Verbs that want to become nouns--why?
One commenter has noticed that lawyers often use nominalizations when another form would sound more natural or be easier to read:
Where do you think they pick up the habit?he asks.
I don't know, but I have some guesses:
From judicial opinions. But that just begs the question because we must now ask where the judges--who are legal writers, after all--pick up the habit.
From a desire to sound serious and formal. Sure, but how do lawyers know that nominalizations will make them sound serious and formal? No one teaches that overtly.
From a laziness about picking and using strong verbs. Every book on writing that I've ever read has recommended strong, vigorous verbs. But using good verbs consistently is hard work. So maybe lawyers are lazy about some aspects of their writing.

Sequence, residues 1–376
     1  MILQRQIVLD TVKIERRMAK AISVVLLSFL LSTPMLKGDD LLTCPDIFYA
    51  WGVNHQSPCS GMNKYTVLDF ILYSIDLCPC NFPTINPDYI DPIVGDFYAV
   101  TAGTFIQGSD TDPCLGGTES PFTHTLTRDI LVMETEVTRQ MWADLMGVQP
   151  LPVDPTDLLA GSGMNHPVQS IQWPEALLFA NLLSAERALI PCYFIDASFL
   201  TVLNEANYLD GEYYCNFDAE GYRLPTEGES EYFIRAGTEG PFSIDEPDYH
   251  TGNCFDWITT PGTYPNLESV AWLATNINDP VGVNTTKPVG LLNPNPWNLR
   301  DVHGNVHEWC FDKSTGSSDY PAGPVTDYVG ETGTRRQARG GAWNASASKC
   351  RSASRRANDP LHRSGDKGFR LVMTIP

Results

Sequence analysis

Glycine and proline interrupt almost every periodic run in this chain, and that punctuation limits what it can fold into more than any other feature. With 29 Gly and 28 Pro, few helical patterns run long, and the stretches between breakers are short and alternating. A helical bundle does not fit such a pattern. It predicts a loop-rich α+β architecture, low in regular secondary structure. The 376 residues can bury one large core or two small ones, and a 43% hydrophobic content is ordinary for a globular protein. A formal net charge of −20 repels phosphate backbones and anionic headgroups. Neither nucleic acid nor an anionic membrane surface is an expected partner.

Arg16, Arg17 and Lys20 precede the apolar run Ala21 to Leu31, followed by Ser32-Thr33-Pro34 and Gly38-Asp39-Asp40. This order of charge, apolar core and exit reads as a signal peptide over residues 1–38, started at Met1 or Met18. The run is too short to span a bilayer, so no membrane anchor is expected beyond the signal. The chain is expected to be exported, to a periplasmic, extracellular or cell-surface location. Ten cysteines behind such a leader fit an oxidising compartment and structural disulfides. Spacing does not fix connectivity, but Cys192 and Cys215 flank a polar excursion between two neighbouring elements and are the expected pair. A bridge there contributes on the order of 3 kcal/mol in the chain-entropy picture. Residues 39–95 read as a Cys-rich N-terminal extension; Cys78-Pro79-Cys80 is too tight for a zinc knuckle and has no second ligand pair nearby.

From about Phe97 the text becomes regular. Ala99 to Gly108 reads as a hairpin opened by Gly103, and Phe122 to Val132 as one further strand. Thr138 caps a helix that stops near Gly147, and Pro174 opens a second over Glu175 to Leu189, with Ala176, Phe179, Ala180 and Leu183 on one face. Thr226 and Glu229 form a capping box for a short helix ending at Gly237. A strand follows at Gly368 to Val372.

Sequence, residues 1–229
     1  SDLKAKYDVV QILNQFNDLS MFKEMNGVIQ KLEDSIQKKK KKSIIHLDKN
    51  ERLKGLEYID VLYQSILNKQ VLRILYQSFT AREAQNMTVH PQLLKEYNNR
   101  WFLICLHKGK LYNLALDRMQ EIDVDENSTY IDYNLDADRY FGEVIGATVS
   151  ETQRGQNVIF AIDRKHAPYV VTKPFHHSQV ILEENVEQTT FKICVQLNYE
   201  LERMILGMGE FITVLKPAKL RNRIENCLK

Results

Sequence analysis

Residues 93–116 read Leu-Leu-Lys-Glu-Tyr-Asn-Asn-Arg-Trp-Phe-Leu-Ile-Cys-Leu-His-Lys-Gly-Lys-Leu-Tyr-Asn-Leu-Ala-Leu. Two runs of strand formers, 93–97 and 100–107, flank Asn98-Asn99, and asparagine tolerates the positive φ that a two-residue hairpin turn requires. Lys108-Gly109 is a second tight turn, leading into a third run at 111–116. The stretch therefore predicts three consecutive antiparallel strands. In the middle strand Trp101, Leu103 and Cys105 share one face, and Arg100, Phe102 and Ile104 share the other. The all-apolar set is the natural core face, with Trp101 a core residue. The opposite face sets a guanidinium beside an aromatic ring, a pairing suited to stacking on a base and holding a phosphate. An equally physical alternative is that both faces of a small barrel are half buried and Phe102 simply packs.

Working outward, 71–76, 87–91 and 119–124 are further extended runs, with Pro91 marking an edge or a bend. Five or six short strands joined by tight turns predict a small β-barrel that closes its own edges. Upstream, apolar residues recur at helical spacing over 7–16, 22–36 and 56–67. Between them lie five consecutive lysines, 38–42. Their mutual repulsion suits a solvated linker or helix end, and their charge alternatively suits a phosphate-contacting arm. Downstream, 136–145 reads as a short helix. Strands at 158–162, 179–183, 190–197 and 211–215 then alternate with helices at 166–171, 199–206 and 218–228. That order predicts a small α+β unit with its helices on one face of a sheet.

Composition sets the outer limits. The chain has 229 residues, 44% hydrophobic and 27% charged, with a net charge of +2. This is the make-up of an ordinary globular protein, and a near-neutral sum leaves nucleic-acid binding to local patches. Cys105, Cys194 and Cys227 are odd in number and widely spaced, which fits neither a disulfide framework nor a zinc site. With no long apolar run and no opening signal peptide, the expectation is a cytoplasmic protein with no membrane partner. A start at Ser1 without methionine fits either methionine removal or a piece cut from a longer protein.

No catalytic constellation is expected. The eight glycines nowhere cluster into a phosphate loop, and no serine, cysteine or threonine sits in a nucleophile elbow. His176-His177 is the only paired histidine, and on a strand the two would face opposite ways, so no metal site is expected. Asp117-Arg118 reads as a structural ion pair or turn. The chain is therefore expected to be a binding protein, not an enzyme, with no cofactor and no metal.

Another commenter hinted at a cause of the nominalization habit when he said plain-language advocates should focus more on:
the underlying grammatical processes that lawyers unconsciously use to create a specialized discourse.I think this means that lawyers use nominalizatons in part to sound like lawyers--to identify themselves as members of the legal discourse community. Okay, but how do they know that nominalizations will make them sound legal?